As always reference the LinuxCNC manuals and the LinuxCNC Wiki for more information.

Linear Moves

A linear move is one that goes from the current position to the programmed position in a straight line. LinuxCNC has two basic linear moves G0 and G1. G0 is a rapid linear move that moves at the maximum speed of the machine. G1 is a feed linear move that moves at the speed set by the F word.

Sample Rapid Linear Move
G0 X1.200 Y-2.300 Z0.100
Sample Feed Linear Move
G1 X1.200 Y-2.300 Z0.100 F25
X0 Y4.3
The following examples use absolute arc distance mode and absolute distance mode unless specificed.

Circular Feed Moves

A circular feed move uses G2 and G3. The direction is always as viewed from the positive end of the axis that is perpendicular to the active plane… whew that is a mouthful. For a typical mill type of device this means you look down from the top and G2 will go clockwise and G3 will go counter clockwise.

Center Format Arcs

Center format arcs are more accurate than radius format arcs and are the preferred format to use. Center format arcs start from the current position and need the end point and the offset from the current position to the center of the arc.

Programming an Arc

Programming an Arc for a Mill
  1. The active plane needs to be G17 the XY plane.

  2. The Current position is the start of the arc.

  3. The End Position is the end of the arc.

  4. The Offsets are I for X offset and J for Y offset.

The start point and end point are fairly easy to come up with, what trips most people up is the offsets. Starting with the X offset if the center of the circle is on the positive side of the start position then the I offset is a positive number. If the center of the circle is on the negative side of the start position then the I offset is a negative number.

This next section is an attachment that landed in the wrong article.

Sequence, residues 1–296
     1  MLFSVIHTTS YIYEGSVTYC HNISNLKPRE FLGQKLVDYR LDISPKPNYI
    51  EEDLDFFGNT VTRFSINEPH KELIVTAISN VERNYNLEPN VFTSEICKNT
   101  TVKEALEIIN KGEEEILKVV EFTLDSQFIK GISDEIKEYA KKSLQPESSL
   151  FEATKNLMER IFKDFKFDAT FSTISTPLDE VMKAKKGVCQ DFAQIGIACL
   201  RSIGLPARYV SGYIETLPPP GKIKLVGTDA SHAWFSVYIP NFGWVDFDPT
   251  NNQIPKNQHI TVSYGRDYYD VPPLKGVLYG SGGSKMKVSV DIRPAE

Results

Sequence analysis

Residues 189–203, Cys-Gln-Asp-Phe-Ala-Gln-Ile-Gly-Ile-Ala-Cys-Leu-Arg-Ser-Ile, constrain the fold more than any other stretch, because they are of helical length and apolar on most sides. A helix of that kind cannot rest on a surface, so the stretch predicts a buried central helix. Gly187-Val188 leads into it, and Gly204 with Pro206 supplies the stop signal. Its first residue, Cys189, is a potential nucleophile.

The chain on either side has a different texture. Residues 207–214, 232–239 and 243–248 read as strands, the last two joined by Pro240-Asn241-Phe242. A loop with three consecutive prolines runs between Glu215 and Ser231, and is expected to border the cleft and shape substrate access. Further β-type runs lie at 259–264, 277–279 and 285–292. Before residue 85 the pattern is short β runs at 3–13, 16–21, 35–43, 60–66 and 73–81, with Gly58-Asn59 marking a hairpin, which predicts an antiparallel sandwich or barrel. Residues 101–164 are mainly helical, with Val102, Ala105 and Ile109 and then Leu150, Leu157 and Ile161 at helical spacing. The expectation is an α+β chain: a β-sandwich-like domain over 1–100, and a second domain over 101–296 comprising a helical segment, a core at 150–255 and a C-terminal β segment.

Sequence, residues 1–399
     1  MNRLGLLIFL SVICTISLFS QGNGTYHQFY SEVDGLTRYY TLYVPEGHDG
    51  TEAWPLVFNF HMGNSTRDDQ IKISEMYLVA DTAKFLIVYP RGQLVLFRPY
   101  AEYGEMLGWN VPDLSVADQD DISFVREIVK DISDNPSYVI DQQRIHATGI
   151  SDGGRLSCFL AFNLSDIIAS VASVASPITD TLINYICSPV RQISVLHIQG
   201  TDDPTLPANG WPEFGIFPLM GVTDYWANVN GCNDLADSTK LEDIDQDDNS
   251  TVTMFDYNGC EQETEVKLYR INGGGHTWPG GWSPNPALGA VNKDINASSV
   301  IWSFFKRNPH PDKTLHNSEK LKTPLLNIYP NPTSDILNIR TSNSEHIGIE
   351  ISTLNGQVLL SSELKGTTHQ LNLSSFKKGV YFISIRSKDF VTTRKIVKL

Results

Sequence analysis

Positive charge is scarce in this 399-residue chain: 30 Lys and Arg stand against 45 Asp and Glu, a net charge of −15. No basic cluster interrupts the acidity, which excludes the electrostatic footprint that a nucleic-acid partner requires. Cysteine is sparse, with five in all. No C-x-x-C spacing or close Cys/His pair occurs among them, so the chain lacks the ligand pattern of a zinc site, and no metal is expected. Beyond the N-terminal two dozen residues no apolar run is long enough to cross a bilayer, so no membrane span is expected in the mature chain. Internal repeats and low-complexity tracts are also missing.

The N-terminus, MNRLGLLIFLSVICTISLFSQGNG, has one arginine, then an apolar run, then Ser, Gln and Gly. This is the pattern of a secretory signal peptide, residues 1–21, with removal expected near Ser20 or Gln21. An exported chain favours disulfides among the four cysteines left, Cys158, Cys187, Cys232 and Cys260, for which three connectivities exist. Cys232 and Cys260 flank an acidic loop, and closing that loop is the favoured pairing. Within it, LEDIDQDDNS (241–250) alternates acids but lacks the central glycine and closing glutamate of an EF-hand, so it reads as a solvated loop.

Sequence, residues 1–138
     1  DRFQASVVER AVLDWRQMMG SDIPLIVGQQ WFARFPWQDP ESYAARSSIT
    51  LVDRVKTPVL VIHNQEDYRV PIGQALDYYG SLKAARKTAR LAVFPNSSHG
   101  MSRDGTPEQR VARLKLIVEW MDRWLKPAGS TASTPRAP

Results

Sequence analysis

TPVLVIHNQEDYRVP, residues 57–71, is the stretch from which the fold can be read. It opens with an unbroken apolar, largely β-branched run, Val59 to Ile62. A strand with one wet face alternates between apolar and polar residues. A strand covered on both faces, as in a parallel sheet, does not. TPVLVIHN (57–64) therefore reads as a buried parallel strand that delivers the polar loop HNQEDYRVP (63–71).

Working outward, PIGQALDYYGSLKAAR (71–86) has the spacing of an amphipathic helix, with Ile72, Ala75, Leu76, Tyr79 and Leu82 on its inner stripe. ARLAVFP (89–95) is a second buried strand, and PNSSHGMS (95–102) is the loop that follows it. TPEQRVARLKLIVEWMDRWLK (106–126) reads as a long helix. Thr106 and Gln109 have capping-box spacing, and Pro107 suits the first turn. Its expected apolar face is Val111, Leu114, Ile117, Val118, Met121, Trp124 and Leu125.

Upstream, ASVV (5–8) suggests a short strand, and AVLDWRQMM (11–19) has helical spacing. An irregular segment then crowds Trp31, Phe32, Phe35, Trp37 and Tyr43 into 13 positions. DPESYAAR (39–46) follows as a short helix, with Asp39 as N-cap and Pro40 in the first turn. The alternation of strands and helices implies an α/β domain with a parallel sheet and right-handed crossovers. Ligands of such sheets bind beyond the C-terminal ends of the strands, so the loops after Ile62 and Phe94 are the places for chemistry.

The easiest way to calculate the arc is with a cad program like Qcad. Lets create a simple arc that has the following characteristics.

  • Start position is X0.4000 Y0.1000

  • End position is X0.4894 Y0.4789

  • Arc center is at X0.4000 Y0.3000

If you draw this out in Qcad you can see that the arc center is same as X start and 0.2000 in the Y direction from the start point. The following image shows the CAD drawing used in this example. The arc center is the red circle with the blue dot in it and the arc is the red dotted line. The red cross is the X0 and Y0 point.

Figure 1: Arc-01 Cad

First we have to move to the start position so if your following along with the Axis simulator in the MDI window issue the following G code:

G0 X0.4000 Y0.1000

Now lets work out the arc… the end postion is X0.4894 Y0.4789 so the first part if the G code is

G3 X0.4894 Y0.4789

The offset from the start position is the same as the X location so I0.0000 is the X offset. The center of the arc is 0.2000 from the start postion in the Y axis so the Y offset is J0.2000. Our completed code looks like this:

G3 X0.4894 Y0.4789 I0.0000 J0.2000 F25

Now you say what is the F doing in there, well this is a feed move and my assumption is no feed rate has been set so I explicitly set one. This made a CCW direction arc as shown in the following image.

CCW Arc Example
G0 X0.4000 Y0.1000 (we must move to the start point)
G2 X0.4894 Y0.4789 I0.0000 J0.2000 F25
Offset Direction Mill

The following chart shows the sign of the offset for an arc in the G17 (XY) plane. The view is as seen from the top of the mill looking down through the Z axis. The axis directions are the same way the tool will move when you press the plus and minus direction keys for that axis. Looking at the diagram the center mark is the start of the arc and the quadrant the center falls into shows the sign for the offsets.